2.50
Hdl Handle:
http://hdl.handle.net/10755/152348
Type:
Presentation
Title:
Alice Magaw: The Mother of Anesthesia
Abstract:
Alice Magaw: The Mother of Anesthesia
Conference Sponsor:Sigma Theta Tau International
Conference Year:2007
Author:Harris, Nancy A., PhD
P.I. Institution Name:University of Iowa Hospital and Clinics
Title:Staff Anesthetist
[Research Presentation] This study is a biography of Alice Magaw, nurse anesthetist for Dr. Charles H. and William J. Mayo, Rochester, Minnesota from 1889-1908. The purpose was to contextualize her anesthesia practice as the product of the unique environment of the turn of the twentieth century Mayo Clinic, and analyze the direct and indirect impact of her practice. This research utilized a great person framework integrated with social history. Although the use of biography has lost some of its appeal, its use was appropriate for meeting the aims of this study. Inclusion of the social perspective strengthened the use of biography and enriched the analysis. Magaw expanded the role of clinical nurse anesthetist to include teaching, mentorship, authorship and research. Magaw is a nurse missing from history, lost through time and the politics of nursing, medicine and anesthesia. At a time when anesthesia was feared more than the surgery itself, Magaw demonstrated that integrating nursing principles into the process of anesthesia could minimize patient fears and enhance the safety of anesthesia. Magaw's tutelage was sought by physicians as well as nurses. A hundred years before the term 'evidence-based practice' was coined, Magaw published anesthesia outcomes in medical journals and presented her data before medical societies. She also earned an international reputation for the delivery of 14,000 anesthetics without an anesthesia-related death. This research revealed that Magaw's clinical teachings rippled from coast to coast and her practice blurred established professional boundaries between nursing and medicine. Magaw was a catalyst for the development of the first advanced practice nursing: anesthesia. Dr. Charles H. Mayo bestowed upon Magaw the title of "The Mother of Anesthesia."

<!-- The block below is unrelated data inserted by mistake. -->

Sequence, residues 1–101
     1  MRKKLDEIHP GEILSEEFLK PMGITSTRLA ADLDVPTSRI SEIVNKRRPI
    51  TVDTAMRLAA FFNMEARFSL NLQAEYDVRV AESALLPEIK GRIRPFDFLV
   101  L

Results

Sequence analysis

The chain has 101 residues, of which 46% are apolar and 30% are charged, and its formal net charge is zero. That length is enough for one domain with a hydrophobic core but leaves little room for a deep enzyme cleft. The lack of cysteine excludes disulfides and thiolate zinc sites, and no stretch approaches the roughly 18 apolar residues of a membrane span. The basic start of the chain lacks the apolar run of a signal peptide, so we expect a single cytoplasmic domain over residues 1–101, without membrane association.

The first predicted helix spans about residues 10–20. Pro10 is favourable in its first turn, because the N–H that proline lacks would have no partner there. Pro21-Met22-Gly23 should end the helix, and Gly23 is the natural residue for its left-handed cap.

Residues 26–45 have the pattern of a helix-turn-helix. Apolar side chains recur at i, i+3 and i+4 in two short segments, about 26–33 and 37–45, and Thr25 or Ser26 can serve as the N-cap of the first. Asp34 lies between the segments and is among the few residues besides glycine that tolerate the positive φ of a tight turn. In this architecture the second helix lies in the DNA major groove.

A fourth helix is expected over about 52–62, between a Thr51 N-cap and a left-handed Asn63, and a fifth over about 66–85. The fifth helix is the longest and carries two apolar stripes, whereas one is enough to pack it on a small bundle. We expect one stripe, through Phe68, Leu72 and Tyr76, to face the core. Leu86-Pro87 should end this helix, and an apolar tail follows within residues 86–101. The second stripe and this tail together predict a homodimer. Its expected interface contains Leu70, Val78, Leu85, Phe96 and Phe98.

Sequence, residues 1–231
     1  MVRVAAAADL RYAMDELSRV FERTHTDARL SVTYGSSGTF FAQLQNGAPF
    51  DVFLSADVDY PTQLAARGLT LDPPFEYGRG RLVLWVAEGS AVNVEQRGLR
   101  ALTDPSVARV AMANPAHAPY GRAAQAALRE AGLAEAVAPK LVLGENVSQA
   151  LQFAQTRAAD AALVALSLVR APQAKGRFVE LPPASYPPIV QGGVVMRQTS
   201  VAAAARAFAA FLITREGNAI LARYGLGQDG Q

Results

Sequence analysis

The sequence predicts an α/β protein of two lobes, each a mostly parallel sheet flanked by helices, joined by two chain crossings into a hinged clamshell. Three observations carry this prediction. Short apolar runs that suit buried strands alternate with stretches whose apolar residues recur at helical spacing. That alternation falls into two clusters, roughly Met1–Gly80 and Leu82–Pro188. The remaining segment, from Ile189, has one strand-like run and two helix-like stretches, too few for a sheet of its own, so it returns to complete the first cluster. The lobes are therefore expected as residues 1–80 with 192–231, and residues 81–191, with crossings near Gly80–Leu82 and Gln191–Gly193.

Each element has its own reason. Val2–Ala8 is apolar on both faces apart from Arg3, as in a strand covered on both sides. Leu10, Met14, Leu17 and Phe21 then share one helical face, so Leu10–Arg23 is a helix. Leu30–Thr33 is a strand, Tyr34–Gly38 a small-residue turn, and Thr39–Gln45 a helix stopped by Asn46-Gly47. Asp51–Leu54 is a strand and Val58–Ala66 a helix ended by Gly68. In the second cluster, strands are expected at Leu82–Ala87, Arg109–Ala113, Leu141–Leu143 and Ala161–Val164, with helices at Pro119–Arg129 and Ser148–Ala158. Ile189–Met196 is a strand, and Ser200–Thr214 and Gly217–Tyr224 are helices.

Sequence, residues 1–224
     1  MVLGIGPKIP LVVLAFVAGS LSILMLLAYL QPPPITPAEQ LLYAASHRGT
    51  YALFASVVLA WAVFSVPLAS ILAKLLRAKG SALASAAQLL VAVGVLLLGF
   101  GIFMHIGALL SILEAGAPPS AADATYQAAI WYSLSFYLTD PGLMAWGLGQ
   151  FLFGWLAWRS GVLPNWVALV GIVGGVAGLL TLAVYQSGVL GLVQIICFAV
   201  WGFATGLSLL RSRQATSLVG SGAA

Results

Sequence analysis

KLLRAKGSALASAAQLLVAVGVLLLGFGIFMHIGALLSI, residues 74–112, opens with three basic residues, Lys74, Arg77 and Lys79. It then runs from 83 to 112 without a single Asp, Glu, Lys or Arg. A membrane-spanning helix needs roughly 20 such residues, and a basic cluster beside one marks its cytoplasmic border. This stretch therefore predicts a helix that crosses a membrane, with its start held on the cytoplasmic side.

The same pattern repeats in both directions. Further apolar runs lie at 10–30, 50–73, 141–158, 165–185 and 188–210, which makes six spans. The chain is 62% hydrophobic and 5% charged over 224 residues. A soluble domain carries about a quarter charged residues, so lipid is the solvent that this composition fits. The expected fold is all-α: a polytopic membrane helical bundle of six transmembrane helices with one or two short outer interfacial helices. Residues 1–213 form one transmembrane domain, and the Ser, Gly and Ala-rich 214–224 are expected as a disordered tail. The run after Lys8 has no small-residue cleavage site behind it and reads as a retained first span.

Repository Posting Date:
26-Oct-2011
Date of Publication:
17-Oct-2011
Sponsors:
Sigma Theta Tau International

Full metadata record

DC FieldValue Language
dc.typePresentationen_GB
dc.titleAlice Magaw: The Mother of Anesthesiaen_GB
dc.identifier.urihttp://hdl.handle.net/10755/152348-
dc.description.abstract<table><tr><td colspan="2" class="item-title">Alice Magaw: The Mother of Anesthesia</td></tr><tr class="item-sponsor"><td class="label">Conference Sponsor:</td><td class="value">Sigma Theta Tau International</td></tr><tr class="item-year"><td class="label">Conference Year:</td><td class="value">2007</td></tr><tr class="item-author"><td class="label">Author:</td><td class="value">Harris, Nancy A., PhD</td></tr><tr class="item-institute"><td class="label">P.I. Institution Name:</td><td class="value">University of Iowa Hospital and Clinics</td></tr><tr class="item-author-title"><td class="label">Title:</td><td class="value">Staff Anesthetist</td></tr><tr class="item-email"><td class="label">Email:</td><td class="value">harriscrna@hotmail.com</td></tr><tr><td colspan="2" class="item-abstract">[Research Presentation] This study is a biography of Alice Magaw, nurse anesthetist for Dr. Charles H. and William J. Mayo, Rochester, Minnesota from 1889-1908. The purpose was to contextualize her anesthesia practice as the product of the unique environment of the turn of the twentieth century Mayo Clinic, and analyze the direct and indirect impact of her practice. This research utilized a great person framework integrated with social history. Although the use of biography has lost some of its appeal, its use was appropriate for meeting the aims of this study. Inclusion of the social perspective strengthened the use of biography and enriched the analysis. Magaw expanded the role of clinical nurse anesthetist to include teaching, mentorship, authorship and research. Magaw is a nurse missing from history, lost through time and the politics of nursing, medicine and anesthesia. At a time when anesthesia was feared more than the surgery itself, Magaw demonstrated that integrating nursing principles into the process of anesthesia could minimize patient fears and enhance the safety of anesthesia. Magaw's tutelage was sought by physicians as well as nurses. A hundred years before the term 'evidence-based practice' was coined, Magaw published anesthesia outcomes in medical journals and presented her data before medical societies. She also earned an international reputation for the delivery of 14,000 anesthetics without an anesthesia-related death. This research revealed that Magaw's clinical teachings rippled from coast to coast and her practice blurred established professional boundaries between nursing and medicine. Magaw was a catalyst for the development of the first advanced practice nursing: anesthesia. Dr. Charles H. Mayo bestowed upon Magaw the title of &quot;The Mother of Anesthesia.&quot;</td></tr></table>en_GB
dc.date.available2011-10-26T11:32:57Z-
dc.date.issued2011-10-17en_GB
dc.date.accessioned2011-10-26T11:32:57Z-
dc.description.sponsorshipSigma Theta Tau Internationalen_GB
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